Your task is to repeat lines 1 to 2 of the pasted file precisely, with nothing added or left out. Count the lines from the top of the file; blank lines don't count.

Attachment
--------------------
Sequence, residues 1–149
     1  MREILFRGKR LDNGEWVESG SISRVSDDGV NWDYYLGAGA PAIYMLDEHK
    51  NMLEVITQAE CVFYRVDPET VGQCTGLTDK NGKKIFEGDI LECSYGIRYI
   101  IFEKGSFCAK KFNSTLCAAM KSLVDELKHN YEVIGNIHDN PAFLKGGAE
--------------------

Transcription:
Sequence, residues 1–149
     1  MREILFRGKR LDNGEWVESG SISRVSDDGV NWDYYLGAGA PAIYMLDEHK